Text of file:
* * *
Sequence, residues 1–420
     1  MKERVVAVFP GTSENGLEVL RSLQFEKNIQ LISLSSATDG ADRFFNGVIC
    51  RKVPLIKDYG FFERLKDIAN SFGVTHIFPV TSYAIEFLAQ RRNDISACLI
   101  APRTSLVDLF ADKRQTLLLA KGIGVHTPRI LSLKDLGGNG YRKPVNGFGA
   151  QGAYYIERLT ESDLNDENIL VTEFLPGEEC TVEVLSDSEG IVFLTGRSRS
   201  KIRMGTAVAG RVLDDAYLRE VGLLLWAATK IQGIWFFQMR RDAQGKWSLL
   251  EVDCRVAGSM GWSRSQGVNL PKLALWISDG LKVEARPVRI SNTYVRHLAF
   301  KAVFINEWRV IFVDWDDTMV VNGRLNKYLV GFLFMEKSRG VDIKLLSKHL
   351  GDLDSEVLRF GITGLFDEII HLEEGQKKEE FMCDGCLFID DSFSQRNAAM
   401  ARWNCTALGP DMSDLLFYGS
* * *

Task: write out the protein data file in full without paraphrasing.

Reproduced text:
Sequence, residues 1–420
     1  MKERVVAVFP GTSENGLEVL RSLQFEKNIQ LISLSSATDG ADRFFNGVIC
    51  RKVPLIKDYG FFERLKDIAN SFGVTHIFPV TSYAIEFLAQ RRNDISACLI
   101  APRTSLVDLF ADKRQTLLLA KGIGVHTPRI LSLKDLGGNG YRKPVNGFGA
   151  QGAYYIERLT ESDLNDENIL VTEFLPGEEC TVEVLSDSEG IVFLTGRSRS
   201  KIRMGTAVAG RVLDDAYLRE VGLLLWAATK IQGIWFFQMR RDAQGKWSLL
   251  EVDCRVAGSM GWSRSQGVNL PKLALWISDG LKVEARPVRI SNTYVRHLAF
   301  KAVFINEWRV IFVDWDDTMV VNGRLNKYLV GFLFMEKSRG VDIKLLSKHL
   351  GDLDSEVLRF GITGLFDEII HLEEGQKKEE FMCDGCLFID DSFSQRNAAM
   401  ARWNCTALGP DMSDLLFYGS